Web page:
Benner/Sports and Opinion and Sports Business

BENNER: In the history of Indy 500, these are my top 15 starters

May 14, 2011

As part of the celebration of the 100th anniversary of America’s greatest race—the Indianapolis 500—I am joining the Speedway’s invitation at thegreatest33.com to name the 33 greatest drivers ever to be on the starting grid.

In last week’s column, I listed my last six rows, or 18 drivers. This week, here are the 15 drivers I consider the best of the best.

No. 1: No matter who is doing the balloting, I can’t imagine Anthony Joseph Foyt Jr.’s being anything less than a virtually unanimous choice as the pole-sitter of this virtual field. From roadsters to rear engines, the 500’s first four-time winner was the golden boy of the Speedway’s Golden Era. Was A.J. a choir boy? No. Could he be a cantankerous coot who often opened his mouth before he engaged his brain? Yes. But could he flat drive the wheels off of any kind of machine and live to personify both the myth and the legend of the 500? Absolutely. Think about this: 35 starts (consecutive) and more than 12,200 competitive miles driven at Indy. And one more thing: Thank goodness things fell into place for Foyt to drive the pace car for this month’s 100th anniversary race. Let’s just hope he remembers to pull into the pits as the field forms behind him to take the green flag. One suspects he might just stand on the gas instead and lead the field into Turn One a final time.

No. 2: Bill Vukovich II. The Mad Russian could have won four straight. He was leading when mechanical failure sidelined him late in the 1952 race. He then won 1953 and 1954 in dominating fashion and had a 17-second lead in 1955 when he was killed in a crash at the top of the backstretch.

No. 3: Rick Mears. If not for early retirement, the four-time winner (and six-time pole-sitter) could have had several more. At that, he was only 0.16 of a second from No. 5 in losing to Gordon Johncock in that thrilling 1982 finish. Mears finished in the top three in 11 of his 15 races.

No. 4: Al Unser Sr. His drive from 20th to first for his fourth 500 win in 1987 highlighted a glorious career at Indy. He won back-to-back in 1970 and 1971 and finished second in 1972. In addition to the four wins, Al Sr. finished second three times and third on four occasions.

No. 5: Ray Harroun. Only one can be the first.

No. 6: Bobby Unser. Uncle Bobby was a three-time winner, although No. 3 in 1981 will be forever tinged in the prolonged controversy that kept …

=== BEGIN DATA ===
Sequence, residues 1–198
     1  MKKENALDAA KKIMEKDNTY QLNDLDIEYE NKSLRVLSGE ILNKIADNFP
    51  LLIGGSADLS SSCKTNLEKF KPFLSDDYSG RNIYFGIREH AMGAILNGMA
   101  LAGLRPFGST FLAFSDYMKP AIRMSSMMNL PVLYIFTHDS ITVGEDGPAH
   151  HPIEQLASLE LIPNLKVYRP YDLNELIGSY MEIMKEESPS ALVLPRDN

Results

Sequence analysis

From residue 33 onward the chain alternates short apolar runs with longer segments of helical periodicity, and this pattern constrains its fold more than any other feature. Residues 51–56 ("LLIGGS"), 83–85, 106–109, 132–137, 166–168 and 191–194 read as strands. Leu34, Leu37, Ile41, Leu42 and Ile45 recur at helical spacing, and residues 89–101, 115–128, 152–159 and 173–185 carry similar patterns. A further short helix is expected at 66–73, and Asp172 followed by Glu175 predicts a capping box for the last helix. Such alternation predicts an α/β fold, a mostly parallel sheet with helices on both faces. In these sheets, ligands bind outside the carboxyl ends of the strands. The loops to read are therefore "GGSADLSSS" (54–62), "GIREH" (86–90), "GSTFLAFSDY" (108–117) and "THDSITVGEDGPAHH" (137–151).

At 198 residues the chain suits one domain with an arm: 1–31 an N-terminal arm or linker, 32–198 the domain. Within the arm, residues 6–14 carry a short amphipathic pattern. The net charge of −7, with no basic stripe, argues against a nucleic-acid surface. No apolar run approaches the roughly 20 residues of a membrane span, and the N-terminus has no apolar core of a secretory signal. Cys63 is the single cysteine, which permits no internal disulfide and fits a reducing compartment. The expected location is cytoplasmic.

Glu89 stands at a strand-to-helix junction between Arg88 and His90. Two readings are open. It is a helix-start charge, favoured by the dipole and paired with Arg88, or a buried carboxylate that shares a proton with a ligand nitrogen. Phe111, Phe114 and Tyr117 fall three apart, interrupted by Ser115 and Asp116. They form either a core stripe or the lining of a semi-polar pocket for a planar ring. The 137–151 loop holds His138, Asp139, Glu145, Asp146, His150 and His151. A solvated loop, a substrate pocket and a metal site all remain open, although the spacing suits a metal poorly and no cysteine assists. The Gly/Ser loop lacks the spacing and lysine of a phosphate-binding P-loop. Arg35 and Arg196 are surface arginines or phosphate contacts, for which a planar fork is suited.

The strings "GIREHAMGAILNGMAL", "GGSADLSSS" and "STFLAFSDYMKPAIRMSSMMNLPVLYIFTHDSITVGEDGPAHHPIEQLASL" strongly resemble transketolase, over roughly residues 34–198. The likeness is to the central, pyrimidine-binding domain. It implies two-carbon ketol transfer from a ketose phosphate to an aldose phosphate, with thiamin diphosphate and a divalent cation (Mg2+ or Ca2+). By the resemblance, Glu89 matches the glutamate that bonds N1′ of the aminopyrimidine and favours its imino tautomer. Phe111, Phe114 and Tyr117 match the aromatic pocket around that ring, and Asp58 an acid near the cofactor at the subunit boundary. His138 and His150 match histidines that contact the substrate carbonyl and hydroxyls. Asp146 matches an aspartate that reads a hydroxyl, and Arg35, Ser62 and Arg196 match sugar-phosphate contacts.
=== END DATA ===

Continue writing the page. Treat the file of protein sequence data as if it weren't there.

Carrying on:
No. 7: … Mario Andretti from winning his second, yet another example of the infamous “Andretti curse” that prevented Mario from multiple wins. Some may recall the line that the four most famous words at Indy are not, “Gentlemen, start your engines,“ but “Mario is slowing down.“ Despite all the heartbreaks, no one ever drove a higher groove at the Brickyard than Mario.

No. 8: Johnny Rutherford. Lone Star J.R. had three poles and three wins in an eight-year span and drove from 25th to Victory Lane in 1974.

No. 9: Wilbur Shaw. Almost won four in a row with three wins and a second from 1937-1940.

No. 10: Mauri Rose. Three wins in four years (1945, 1947, 1948) helped bring the Speedway back post-World War II idle and decay.

No. 11: Louie Meyer. Won as a rookie and became the first three-time winner but, almost as important, started the post-race winner’s tradition of drinking milk (in his case, buttermilk).

No. 12: Helio Castroneves. Four poles and three wins in 10 years. And it’s hard to think those numbers won’t grow.

No. 13: Rufus “Parnelli” Jones. My personal all-time favorite. Parnelli broke the 150-mile-an-hour barrier in 1962, won in 1963, and could have/should have had another driving the STP turbine in 1967 when, while leading, a bearing failed three laps from the finish.

No. 14: Al Unser Jr. Two-time winner and could have been three if Emerson Fittipaldi hadn’t put him in the wall late in the 1989 race.

No. 15: Rodger Ward. From 1959 through 1964, Ward finished first, second, third, first, fourth and second.

Next week, my thoughts on the greatest moments in 500 history.•

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Benner is senior associate commissioner for external affairs for the Horizon League college athletic conference and a former sports columnist for The Indianapolis Star. His column appears weekly. He can be reached at bbenner@ibj.com. He also has a blog, www.indyinsights.com.

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